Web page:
New York Gov. Andrew Cuomo approved legislation authorizing school districts to install stop-arm cameras on school buses to ensure the safety of students.
Stop-arm cameras will help law enforcement catch drivers who are passing a stopped school bus. In the State of New York, there are approximately 1.5 million students riding school buses every year. It state prohibits drivers from passing a stopped school bus due to its concern for students’ safety.
In a statement on Tuesday, Gov. Cuomo said, “No parent should ever have to worry that their child’s bus ride to and from school is anything other than safe and easy. By signing this measure into law, we are providing school districts the tools they need to hold reckless drivers accountable and advancing New York State’s bold initiatives to keep our schoolchildren safe.”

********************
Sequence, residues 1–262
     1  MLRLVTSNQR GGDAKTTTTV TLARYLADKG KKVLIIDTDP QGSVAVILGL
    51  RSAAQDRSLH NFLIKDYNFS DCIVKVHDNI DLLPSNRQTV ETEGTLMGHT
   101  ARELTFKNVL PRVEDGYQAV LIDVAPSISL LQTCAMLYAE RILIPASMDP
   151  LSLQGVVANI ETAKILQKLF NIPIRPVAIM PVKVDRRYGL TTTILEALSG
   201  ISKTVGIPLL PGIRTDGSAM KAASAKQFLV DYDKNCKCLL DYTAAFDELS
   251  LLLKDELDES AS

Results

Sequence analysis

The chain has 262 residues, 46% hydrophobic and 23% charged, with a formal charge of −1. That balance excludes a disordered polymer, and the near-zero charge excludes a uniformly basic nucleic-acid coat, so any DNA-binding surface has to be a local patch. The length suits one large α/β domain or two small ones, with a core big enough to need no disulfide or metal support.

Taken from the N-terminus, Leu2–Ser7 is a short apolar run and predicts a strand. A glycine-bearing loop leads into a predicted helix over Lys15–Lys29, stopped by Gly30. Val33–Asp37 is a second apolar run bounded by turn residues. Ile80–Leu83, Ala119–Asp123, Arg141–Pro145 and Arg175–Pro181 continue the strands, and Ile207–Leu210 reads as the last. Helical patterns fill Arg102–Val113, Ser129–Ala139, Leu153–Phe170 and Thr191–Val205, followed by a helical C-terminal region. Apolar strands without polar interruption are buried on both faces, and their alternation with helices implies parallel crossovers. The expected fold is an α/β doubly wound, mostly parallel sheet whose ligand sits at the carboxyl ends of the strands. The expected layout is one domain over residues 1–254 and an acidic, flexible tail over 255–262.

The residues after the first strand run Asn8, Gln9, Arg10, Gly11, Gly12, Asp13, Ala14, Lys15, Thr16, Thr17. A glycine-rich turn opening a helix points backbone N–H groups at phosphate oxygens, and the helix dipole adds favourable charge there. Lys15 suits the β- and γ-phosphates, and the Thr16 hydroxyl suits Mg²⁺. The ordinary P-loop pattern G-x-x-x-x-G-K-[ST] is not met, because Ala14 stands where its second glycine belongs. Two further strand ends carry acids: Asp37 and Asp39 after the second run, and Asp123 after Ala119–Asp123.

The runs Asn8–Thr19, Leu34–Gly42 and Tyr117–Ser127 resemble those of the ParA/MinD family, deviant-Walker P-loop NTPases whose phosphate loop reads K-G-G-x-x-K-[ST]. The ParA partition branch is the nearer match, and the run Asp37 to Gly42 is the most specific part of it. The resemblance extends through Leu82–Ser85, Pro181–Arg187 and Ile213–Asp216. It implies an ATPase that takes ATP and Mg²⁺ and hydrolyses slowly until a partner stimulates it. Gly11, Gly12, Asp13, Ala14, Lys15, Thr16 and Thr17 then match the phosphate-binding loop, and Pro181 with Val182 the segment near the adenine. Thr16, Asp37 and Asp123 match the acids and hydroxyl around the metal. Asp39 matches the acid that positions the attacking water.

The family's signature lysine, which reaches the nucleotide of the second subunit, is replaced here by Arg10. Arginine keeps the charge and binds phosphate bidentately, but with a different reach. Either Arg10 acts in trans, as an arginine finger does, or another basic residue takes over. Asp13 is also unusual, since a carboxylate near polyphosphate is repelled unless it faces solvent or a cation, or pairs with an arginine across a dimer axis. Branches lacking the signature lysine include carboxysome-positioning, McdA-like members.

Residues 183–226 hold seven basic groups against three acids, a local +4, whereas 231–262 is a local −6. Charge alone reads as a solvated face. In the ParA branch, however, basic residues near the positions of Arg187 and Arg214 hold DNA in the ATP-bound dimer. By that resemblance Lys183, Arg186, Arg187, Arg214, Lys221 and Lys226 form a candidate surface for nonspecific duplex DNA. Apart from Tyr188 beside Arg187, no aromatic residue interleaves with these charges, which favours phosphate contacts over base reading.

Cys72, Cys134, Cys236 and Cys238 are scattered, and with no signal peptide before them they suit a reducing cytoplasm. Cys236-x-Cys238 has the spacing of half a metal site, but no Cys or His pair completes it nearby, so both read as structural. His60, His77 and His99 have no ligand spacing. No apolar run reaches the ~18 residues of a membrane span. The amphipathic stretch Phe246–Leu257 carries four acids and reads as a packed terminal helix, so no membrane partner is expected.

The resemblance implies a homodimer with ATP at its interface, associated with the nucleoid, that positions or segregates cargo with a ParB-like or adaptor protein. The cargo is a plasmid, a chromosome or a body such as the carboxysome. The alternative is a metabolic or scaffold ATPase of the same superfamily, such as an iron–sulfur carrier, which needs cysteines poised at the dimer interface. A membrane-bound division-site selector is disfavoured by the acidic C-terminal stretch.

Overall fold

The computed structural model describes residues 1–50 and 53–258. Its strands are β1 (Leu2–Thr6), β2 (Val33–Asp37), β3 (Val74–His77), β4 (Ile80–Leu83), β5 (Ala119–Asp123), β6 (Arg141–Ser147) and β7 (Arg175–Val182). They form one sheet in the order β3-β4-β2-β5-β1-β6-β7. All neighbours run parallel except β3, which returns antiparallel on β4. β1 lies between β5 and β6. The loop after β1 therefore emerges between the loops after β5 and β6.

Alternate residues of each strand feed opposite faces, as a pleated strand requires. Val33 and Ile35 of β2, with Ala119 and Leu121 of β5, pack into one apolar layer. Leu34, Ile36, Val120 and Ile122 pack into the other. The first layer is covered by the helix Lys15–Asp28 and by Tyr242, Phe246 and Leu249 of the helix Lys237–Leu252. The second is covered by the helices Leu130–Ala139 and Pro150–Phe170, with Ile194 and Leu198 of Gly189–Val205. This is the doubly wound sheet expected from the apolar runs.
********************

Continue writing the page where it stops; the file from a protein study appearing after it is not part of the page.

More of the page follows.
On the other hand, Lieutenant Governor Kathy Hochul commented, “We are committed to ensuring the safety of our students getting to and from school.” She added that the newly-signed law will crack down on drivers who put students’ lives in danger. It builds on the state’s “progressive policies to protect students and all New Yorkers from harm.”
Thousands of New York drivers pass stopped school bus
In April last year, the Governor’s Traffic Safety Committee in partnership with the state’s Education Department, law enforcement agencies and other stakeholders conducted Operation Safe Stop for a day.
During the operation, law enforcement found that hundreds of people do not comply with the law prohibiting passing a stopped school bus. At the time, 850 people received tickets for violating the law.
The Governor’s office estimated that someone is passing a stopped school bus by more than 180,000 times in a 180-day school year.
Meanwhile, Senator Tim Kennedy said, “Every day across New York State, 50,000 drivers decide to deliberately break the law and pass a stopped school bus, putting our children’s lives and safety at risk. This is simply unacceptable.”
“By enacting this comprehensive legislation that ensures stricter enforcement of these crimes, we’re sending a strong message: if you pass a stopped school bus in New York, you’re going to get caught, you’re going to be fined, and you’re going to be held accountable.”